Known mostly as “The Unknown”, and occasionally as Julia or Lucie, indeed very little is known about our protagonist (played by Julie Ledru). We learn nothing about her family and her background; instead we’re briefly told that the quietly wild and untameable young woman comes from Guadaloupe. She has a passion for dirt bikes, a sport almost entirely dominated by men. Yet we have no idea from where her passion emanates. She is curt and assertive, often winning people’s affection by dropping in a cheeky smile immediately after she does something very naughty (which often includes breaking the law). The Unknown is fearless. She knows no boundaries, both physical and metaphorical ones.
“Rodeo”, Spanish for cowboy competition, is slang for the illegal urban gathering where motorbike riders show off they daredevil skills. The first third of Rodeo is filled with adrenaline-inducing scenes of incredible acrobatics. Riders ride so close to the tarmac, their bikes tilted almost 90 degrees. They swerve and spin without warning. They find both pleasure and social recognition in the extensive brushes with death. These are the film’s most powerful moments. Then a biker suffers an accident, and Julia find herself becomes embroiled in a number of problems. She is homeless, she has no partner, no family. She asks to live in the bike shed, and then with the wife of the big boss and his young child (the man himself is in prison and never to be seen).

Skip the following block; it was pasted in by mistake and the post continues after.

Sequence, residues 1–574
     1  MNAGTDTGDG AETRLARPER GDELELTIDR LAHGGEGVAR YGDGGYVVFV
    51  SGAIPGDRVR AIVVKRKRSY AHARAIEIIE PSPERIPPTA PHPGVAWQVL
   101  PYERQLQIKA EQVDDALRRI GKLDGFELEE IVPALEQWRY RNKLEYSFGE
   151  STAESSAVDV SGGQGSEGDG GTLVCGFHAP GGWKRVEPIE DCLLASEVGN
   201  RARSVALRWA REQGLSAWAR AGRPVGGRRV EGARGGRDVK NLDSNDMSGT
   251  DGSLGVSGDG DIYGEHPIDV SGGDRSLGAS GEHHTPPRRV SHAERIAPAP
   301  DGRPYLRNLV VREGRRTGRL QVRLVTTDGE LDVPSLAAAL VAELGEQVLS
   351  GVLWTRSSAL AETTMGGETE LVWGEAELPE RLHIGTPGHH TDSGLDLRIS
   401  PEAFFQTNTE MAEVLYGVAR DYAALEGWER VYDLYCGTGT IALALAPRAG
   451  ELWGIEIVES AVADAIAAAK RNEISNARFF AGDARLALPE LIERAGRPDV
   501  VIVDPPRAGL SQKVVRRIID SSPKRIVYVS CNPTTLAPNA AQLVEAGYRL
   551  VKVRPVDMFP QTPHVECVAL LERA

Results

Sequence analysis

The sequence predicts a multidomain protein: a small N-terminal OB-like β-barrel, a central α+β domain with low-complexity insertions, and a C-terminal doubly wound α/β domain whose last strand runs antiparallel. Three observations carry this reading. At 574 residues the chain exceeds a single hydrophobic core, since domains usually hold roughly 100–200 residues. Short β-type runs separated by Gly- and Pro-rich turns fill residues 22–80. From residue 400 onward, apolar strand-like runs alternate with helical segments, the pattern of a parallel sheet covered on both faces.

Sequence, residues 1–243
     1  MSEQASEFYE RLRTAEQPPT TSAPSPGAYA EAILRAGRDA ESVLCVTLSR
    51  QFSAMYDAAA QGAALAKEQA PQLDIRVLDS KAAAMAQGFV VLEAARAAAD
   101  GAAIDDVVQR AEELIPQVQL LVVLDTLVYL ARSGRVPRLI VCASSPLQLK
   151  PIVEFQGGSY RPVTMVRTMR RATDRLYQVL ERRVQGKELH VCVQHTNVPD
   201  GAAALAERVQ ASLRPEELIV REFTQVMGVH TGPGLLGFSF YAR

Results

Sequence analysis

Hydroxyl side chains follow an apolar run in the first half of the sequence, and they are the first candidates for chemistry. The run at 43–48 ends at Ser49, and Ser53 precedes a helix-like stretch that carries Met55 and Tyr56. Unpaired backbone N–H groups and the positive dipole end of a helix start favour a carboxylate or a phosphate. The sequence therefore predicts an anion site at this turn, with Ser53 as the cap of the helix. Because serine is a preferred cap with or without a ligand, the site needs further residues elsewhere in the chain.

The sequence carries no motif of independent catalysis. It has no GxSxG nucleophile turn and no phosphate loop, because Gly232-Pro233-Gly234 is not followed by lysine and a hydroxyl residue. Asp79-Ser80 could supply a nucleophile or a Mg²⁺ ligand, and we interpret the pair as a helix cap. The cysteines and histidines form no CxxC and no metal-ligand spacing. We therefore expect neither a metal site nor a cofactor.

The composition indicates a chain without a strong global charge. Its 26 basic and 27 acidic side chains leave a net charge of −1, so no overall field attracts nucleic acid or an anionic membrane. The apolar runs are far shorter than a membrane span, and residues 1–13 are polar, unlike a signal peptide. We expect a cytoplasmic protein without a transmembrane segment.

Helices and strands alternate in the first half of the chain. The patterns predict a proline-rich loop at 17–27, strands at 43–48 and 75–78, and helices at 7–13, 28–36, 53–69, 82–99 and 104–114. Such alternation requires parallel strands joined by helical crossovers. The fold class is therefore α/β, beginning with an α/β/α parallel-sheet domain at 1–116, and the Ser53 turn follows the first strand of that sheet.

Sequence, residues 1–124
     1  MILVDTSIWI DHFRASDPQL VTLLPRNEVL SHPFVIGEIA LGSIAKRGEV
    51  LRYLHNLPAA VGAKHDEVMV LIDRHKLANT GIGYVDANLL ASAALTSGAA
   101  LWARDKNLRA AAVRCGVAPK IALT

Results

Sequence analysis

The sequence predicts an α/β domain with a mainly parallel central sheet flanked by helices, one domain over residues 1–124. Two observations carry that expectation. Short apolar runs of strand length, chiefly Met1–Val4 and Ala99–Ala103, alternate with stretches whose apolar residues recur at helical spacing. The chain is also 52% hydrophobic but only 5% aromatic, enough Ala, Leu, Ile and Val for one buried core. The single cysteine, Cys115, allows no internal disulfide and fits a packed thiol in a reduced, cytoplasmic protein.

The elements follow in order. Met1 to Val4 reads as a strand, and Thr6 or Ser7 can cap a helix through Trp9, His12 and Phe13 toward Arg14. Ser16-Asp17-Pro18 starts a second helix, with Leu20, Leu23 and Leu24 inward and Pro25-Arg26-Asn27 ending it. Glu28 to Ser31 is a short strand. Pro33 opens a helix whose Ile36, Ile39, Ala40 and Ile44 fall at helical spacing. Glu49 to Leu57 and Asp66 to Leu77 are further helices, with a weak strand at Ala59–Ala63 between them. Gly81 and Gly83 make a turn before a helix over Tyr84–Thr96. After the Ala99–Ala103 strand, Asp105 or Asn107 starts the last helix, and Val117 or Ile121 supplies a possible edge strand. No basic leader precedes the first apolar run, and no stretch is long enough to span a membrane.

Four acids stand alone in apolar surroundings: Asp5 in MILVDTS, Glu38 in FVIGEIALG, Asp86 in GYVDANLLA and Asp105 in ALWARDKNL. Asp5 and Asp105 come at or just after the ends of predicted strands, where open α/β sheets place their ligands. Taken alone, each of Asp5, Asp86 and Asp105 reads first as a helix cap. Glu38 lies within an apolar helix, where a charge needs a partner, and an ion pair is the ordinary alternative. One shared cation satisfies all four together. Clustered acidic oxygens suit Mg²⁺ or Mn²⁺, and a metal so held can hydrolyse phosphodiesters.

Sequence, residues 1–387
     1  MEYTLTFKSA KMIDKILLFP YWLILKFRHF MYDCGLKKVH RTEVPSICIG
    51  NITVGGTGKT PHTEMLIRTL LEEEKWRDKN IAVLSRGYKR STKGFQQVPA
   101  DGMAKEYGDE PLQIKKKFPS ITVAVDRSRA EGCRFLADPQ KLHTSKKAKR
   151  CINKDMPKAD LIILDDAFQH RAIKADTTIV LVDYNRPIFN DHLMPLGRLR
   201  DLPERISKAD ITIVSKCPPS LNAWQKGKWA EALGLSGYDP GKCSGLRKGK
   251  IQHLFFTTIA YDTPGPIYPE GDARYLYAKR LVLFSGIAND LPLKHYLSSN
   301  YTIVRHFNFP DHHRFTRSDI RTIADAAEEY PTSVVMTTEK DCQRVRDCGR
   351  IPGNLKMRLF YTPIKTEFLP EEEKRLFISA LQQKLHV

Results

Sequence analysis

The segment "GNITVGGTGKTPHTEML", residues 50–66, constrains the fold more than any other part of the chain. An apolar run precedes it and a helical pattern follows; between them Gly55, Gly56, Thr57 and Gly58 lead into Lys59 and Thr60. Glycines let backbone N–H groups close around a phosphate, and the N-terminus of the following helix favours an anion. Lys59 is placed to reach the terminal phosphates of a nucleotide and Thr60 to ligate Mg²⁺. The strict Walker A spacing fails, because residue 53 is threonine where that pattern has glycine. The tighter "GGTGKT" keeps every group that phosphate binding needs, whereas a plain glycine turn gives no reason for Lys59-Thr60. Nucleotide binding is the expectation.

Ledru blends female beauty and physical strength. She has the mixed race features of Brazilian über-actress Sonia Braga. One of the problem, however, is that she never engages in any of the stunts. The Unknown remains almost entirely rigid on her motorbike all throughout the movie, a posture incompatible with indomitable character. Instead focusing on her riding talents, the director opts to concentrate on the Unknown’s emotional trials and tribulations. This is only partly effective. A woman so passionate about riding (to the extend she devotes her entire life to the sport) should be far more skilled. The outcome is that it is indeed the males who end up dominating the first part of the film.
I also found the ending disappointing. Perhaps because it’s a little too ambitious, with the director throwing in a number of unnecessary narrative elements (death, fire, afterlife, etc). Overall, this is a beautiful film that could have done with more audacity on tarmac and a little more circumspection in its final denouement.
Rodeo premiered at the 66th BFI London Film Festival, when this piece was originally written. In cinemas on Friday, April 28th.